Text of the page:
Srinagar: A special court on Saturday sought a report from police over the recent crackdown on two wheelers in this capital city following a spurt in militant activities and the killing of over a dozen civilians, mostly migrant workers.
The Additional Special Mobile Magistrate (Traffic) directed the Senior Superintendent of Police (SSP) Srinagar, to “call the report from all police stations within district Srinagar” regarding the recent crackdown on two-wheelers.
The Special Court headed by Addl. Mobile Magistrate Shabir Ahmad Malik has also directed SSP Srinagar to submit the compliance report before the Court within a period of ten days.
Notably, the Special court order came in a case filed by Naveed Bukhtiyar, a social activist who had moved to the special court against the seizure of two-wheelers and had pleaded that the J&K police had acted as a “Traffic Magistrate” in releasing the confiscated vehicles.
It is pertinent to mention here that the Motor Vehicle Act of 1988 has provided provisions for traffic regulations, vehicle insurance, registration of motor vehicles and controlling permits and penalties.
In its order, the special court has notified that the applicant has raised “serious issues” of detaining the vehicles “illegally” under the garb of Motor Vehicle Act, and “releasing them latter by exercising the powers of a Traffic Magistrate” as such.
“The issue requires the indulgence of this court as the allegations are very serious in nature and the applicant is on affidavit.” reads the Special Court order, copy of which lies with Kashmir Observer.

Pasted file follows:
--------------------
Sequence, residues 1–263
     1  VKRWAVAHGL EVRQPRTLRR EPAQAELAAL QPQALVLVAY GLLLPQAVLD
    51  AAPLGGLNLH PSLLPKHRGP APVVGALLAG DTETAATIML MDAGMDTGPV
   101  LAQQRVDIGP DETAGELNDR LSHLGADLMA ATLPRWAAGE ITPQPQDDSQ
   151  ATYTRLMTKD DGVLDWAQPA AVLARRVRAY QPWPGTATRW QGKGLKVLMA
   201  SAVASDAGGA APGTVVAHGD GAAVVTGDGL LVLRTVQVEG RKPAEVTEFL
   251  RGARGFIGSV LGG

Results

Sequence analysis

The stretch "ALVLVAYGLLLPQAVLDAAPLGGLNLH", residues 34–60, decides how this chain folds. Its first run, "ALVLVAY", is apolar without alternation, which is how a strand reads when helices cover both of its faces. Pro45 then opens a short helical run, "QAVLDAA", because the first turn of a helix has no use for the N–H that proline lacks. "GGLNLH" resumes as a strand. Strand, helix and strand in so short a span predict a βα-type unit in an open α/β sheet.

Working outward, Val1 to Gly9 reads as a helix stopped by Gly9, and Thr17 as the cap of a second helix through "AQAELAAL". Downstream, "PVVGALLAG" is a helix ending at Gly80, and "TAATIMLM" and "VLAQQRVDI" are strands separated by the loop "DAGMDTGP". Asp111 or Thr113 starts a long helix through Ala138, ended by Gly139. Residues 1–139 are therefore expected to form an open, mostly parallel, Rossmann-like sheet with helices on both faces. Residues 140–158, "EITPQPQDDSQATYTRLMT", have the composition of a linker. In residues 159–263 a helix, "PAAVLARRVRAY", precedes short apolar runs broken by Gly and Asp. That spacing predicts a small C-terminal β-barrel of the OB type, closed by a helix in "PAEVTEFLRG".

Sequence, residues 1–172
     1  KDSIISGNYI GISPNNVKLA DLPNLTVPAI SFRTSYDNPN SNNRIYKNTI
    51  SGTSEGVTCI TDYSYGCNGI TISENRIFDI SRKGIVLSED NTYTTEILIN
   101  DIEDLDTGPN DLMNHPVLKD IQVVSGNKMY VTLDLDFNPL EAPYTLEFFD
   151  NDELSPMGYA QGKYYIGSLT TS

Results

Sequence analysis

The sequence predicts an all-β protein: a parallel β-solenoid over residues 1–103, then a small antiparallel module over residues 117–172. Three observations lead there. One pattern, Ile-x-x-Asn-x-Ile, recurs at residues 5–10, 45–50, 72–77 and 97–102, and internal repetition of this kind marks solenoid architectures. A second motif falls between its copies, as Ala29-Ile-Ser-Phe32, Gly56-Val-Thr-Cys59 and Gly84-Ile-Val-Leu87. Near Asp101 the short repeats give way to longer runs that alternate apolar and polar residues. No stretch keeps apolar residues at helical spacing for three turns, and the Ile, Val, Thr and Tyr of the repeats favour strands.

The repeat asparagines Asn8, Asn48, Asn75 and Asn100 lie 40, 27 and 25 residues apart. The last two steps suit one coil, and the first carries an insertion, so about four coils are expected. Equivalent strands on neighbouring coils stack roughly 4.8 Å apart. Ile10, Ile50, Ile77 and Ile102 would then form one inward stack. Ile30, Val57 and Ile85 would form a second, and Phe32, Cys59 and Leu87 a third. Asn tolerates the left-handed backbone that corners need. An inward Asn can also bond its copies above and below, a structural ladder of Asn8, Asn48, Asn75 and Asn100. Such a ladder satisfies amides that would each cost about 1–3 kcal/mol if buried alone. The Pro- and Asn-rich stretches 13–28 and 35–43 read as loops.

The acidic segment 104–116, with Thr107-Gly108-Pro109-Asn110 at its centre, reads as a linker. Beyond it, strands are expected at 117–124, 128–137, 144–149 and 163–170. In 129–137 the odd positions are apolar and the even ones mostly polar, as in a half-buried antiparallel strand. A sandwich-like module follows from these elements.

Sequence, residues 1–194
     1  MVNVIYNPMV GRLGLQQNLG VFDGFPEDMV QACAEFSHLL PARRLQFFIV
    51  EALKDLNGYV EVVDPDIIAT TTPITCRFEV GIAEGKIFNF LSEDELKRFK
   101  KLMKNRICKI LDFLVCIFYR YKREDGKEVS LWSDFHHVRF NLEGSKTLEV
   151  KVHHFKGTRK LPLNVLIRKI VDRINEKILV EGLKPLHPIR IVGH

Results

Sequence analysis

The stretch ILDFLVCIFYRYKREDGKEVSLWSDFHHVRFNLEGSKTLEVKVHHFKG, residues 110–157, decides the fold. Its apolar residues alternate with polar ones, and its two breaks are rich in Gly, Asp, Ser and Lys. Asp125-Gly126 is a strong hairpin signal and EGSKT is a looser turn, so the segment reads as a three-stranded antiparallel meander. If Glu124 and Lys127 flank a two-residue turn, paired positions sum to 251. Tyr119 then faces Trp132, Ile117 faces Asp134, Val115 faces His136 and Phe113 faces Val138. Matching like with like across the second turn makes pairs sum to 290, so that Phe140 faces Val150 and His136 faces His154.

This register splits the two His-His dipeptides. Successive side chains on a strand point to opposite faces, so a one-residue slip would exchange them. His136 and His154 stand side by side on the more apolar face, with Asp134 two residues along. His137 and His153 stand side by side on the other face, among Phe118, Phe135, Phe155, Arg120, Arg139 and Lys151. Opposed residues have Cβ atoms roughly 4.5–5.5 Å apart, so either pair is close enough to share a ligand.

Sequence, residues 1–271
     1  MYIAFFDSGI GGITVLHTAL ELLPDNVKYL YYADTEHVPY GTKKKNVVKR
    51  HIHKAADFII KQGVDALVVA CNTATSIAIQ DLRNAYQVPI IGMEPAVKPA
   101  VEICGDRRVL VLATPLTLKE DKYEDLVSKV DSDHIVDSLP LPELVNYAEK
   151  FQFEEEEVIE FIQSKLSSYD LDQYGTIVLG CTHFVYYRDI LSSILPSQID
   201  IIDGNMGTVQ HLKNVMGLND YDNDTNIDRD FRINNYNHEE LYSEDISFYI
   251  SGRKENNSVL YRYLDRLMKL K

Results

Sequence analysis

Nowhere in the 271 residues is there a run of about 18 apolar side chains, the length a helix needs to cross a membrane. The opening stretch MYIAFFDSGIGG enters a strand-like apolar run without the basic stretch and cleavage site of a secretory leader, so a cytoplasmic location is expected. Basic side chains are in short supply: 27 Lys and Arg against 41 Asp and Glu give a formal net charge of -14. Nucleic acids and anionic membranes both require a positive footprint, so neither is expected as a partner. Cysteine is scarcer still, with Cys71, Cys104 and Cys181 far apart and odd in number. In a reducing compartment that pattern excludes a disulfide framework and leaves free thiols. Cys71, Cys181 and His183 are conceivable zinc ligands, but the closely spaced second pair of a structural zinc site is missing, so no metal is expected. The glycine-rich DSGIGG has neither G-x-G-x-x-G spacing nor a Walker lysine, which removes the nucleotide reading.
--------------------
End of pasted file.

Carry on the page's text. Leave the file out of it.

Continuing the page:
Pertinently, on October 19, Kashmir Observer had reported that The Jammu and Kashmir police had intensified its crackdown against bikers and seized hundreds of two-wheelers allegedly without any “reason or rhyme” causing much inconvenience to the city residents.
The report had also highlighted how J&K police and CRPF personnel were confiscating hundreds of scooties, bikes and other two wheelers without assigning any reason.
The police crackdown came into action in the aftermath of several targeted killings and also coincided with Home Minister Amit Shah’s maiden visit to J&K, creating serious suspicions among the locals that two-wheelers were being seized due to the Home Minister’s visit.
However, police defended its action saying that the “seizure of some bikes and shutting down of internet in some areas was purely related to militancy and had nothing to do with the visit of Home Minister Amit Shah to Jammu and Kashmir”.
A police source, who wished anonymity, told Kashmir Observer that over 700 bikes were seized by the police during last month’s crackdown.
“There were around 750 bikes that were seized in different police stations of Srinagar city and majority of these two wheelers were not registered on the driver’s name.” The source said. “This subsequently created a suspicion among cops about the identity of the vehicle owner.”
He further added, “All the confiscated vehicles have been released after a proper verification of the driving person.”
Meanwhile, the case in this regard was filed through Advocate Malik Aadil against several non-applicants that include Inspector General of Police (Zonal Police Headquarters Batamaloo, Srinagar), Deputy Inspector General of Police (Range Police Headquarters Batamaloo, Srinagar), senior superintendent of Police (District Police Headquarters Batamaloo, Srinagar), Sub division police officer Shaheed Gunj Srinagar and Station Head Officer Batamaloo, Srinagar.
Be Part of Quality Journalism
Quality journalism takes a lot of time, money and hard work to produce and despite all the hardships we still do it. Our reporters and editors are working overtime in Kashmir and beyond to cover what you care about, break big stories, and expose injustices that can change lives. Today more people are reading Kashmir Observer than ever, but only a handful are paying while advertising revenues are falling fast.